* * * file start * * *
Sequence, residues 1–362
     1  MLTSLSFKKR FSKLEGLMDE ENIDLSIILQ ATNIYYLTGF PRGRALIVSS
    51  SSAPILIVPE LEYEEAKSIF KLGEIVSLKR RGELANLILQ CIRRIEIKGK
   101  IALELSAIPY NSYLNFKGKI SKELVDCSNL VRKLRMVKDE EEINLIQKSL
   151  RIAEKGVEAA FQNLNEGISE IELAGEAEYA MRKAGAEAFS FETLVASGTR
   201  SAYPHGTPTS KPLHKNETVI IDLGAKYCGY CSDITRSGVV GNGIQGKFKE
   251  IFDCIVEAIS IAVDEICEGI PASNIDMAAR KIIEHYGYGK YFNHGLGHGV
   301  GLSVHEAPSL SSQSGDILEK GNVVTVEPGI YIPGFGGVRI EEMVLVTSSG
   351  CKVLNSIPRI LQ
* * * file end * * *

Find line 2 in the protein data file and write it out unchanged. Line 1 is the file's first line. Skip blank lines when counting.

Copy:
     1  MLTSLSFKKR FSKLEGLMDE ENIDLSIILQ ATNIYYLTGF PRGRALIVSS